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Nature Notes From New York City

Nature Notes From New York City

Nature notes from New York City: paws, claws and more! Jennifer Scarlott writes from The Big Apple.

Dear Cub kids,

Do you think it’s possible for cities to behave like forests? Hmm. There’s a really wonderful woman named Janine Benyus, who is positive that cities can do just that.

Photo: Pundalik Dhuri.

Why would you want a city to behave like a forest? You already have the answer in your heads and hearts! How do forests behave? They create life and conditions for life! Forests are… restorative, regenerative, sustainable, and life-giving. How do cities behave? Well… not like forests. As wonderful as cities can be, they are also, in some ways, like vast sinkholes into which the nature’s resources are poured, while giving nothing back but – air pollution, water pollution and more.

Biologist Janine Benyus, who lives in the Bitterroot Mountains of western Montana, in the United States, but whose family comes from Slovakia, has been asking herself whether cities could behave more like forests. She gathered a team of scientists to study what forests do. As she studied, Janine learned that forests are hugely productive! They perform all sorts of ‘ecosystem services’ for our planet.

Here are just a few of the services ecosystems provide – they moderate weather extremes and their impacts, purify the air and water, pollinate crops and natural vegetation, generate and preserve soils and renew their fertility, cycle and move nutrients, detoxify and decompose wastes, maintain biodiversity, disperse seeds and contribute to climate stability.

Life, says Janine, creates conditions for life. Life is generous. And that understanding has led her to ask, “Since human beings are part of nature too, why can’t people and the things we make create conditions for life, too? Can cities be generous, in some of the ways that nature is?” Those questions in turn, led Janine to a strong belief that human beings should “put nature’s rule sets in every single thing we design.”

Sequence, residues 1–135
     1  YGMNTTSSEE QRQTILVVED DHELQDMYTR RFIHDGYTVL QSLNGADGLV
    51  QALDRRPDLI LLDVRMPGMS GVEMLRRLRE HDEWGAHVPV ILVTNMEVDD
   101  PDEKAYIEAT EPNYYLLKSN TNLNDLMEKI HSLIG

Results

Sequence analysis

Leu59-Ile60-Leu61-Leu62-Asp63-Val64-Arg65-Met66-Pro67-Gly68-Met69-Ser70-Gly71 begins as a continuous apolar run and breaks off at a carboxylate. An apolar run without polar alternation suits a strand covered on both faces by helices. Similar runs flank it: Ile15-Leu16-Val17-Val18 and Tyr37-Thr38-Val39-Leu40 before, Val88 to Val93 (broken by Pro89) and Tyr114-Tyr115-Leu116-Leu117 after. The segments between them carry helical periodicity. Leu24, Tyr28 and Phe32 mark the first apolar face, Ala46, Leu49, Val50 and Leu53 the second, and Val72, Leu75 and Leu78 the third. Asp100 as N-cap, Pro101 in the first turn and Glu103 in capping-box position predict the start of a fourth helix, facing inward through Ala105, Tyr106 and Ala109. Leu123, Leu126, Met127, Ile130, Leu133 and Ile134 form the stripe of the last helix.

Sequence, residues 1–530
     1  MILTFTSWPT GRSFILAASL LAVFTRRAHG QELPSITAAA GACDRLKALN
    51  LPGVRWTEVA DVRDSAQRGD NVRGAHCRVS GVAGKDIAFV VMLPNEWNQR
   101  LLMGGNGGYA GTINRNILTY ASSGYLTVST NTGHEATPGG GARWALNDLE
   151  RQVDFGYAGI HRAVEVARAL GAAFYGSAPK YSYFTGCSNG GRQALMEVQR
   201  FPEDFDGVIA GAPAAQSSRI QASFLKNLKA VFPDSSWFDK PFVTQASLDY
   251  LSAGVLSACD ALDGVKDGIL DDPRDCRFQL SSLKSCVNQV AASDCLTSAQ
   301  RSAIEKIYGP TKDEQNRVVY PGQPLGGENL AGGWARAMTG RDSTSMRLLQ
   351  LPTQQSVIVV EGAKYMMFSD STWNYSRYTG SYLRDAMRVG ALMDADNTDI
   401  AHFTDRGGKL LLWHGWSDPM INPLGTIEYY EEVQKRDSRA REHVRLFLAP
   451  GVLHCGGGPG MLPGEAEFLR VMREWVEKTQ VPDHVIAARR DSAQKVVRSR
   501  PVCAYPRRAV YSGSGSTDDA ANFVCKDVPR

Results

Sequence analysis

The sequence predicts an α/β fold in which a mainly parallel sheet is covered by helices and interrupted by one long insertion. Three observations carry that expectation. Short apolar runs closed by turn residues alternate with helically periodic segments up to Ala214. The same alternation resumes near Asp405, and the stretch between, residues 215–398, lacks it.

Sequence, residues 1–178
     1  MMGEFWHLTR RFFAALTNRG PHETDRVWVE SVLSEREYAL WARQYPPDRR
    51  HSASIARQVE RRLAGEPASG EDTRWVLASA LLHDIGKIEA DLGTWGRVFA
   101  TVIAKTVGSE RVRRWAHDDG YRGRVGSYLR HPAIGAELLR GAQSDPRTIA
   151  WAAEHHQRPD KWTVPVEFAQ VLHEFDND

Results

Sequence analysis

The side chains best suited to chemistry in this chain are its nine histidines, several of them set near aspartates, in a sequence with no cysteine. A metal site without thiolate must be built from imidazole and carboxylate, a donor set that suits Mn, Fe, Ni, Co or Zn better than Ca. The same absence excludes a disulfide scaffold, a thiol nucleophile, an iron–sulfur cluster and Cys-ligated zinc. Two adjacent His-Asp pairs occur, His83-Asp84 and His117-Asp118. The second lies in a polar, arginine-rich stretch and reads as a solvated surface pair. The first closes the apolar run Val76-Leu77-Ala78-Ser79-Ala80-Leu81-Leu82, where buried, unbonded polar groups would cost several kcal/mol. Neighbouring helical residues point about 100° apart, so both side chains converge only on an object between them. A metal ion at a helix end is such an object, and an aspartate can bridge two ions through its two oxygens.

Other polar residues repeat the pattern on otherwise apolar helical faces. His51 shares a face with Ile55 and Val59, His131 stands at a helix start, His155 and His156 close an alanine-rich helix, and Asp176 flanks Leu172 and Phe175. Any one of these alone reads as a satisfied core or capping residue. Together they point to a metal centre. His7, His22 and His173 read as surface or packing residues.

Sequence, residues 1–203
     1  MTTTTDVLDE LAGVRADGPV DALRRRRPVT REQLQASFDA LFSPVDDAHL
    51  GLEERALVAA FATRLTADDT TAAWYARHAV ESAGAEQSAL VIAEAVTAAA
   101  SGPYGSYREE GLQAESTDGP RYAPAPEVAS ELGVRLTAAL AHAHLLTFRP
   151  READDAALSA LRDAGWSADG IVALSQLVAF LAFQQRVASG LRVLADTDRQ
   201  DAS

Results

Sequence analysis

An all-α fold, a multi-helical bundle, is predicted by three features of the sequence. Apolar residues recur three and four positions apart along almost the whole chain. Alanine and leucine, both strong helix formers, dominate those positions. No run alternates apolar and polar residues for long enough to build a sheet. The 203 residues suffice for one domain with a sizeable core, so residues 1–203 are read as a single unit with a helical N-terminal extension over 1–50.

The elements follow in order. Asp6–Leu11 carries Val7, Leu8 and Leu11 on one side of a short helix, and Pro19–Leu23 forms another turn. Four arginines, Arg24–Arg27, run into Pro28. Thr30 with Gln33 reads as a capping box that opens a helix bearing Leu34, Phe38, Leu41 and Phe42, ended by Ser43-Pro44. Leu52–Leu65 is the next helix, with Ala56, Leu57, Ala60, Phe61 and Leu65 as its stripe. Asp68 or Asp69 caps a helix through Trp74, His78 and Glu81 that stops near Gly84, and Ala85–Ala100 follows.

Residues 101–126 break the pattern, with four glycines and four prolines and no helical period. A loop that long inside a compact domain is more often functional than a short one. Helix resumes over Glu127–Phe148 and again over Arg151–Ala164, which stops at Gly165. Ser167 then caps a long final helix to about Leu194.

Have you ever heard the term “biomimicry?” If you haven’t, can you guess what it might mean? Biomimicry is an approach to innovation that seeks sustainable solutions to human challenges by emulating nature’s time-tested patterns and strategies. According to Janine, the goal of biomimicry “… is to create products, processes, and policies – new ways of living – that are well-adapted to life on earth over the long haul.”

Benyus and other biologists have figured out that though human beings pride themselves on their astonishing abilities to create and to engineer, it is nature – in the form of animals, plants, and microbes – that is the best engineer of all. Why? Because nature is all about the continuity of life! Human beings create huge sustainability problems for future generations, while nature solves those problems every day, creating conditions that are just right for life to thrive far into the future.

So if you’re an engineer, Benyus urges you to “ask nature” for her suggestions about designing, say, a building or an airplane that does not undermine our planet. To do this, you study how nature has designed living organisms, seeking ways to mimic ideas that have evolved to thrive in balance with Earth’s complex living systems.

Some examples of successful biomimicry? Mechanical engineers, hoping to design fans that are not horrendously noisy, have studied the specialised feather shapes that allow owls to fly without creating turbulence or noise, and have put the same design features into their fans. Researchers hoping to conserve energy have studied how schools of fish save energy by swimming in tight formations. They’re using what they’re learning from fish to figure out how to place wind turbines so that they interact with each other in ways that save energy too. Architects and engineers have learned that the blood vessels in jackrabbits’ long ears widen and constrict to regulate internal temperature. They’ve used similar strategies to design more energy-efficient buildings!

Janine dreams of far more than buildings, wind turbines, and fans. She and others are doing cutting-edge research around the world to figure out how entire cities can ‘give back’ to nature – how, by mimicking nature, cities can be truly part of nature – to be life-giving, rather than life-destroying!It sounds like science fiction, I know. But nature has so much to teach us. We CAN be one with her. And someday, when we have finally found ways to be human in and of the natural world, what a beautiful world it will be!

Biomimicry – study it! Let’s ask nature how our species can be generous, creating conditions for life for our children’s grandchildren.

P.S. Check out Janine Benyus’s AskNature.org. You won’t believe how much there is to learn!

Your friend,

Jen.

Author: Jennifer Scarlott First appeared in: Sanctuary Asia, Vol XXXV, No. 9, September 2015.

 
 
 

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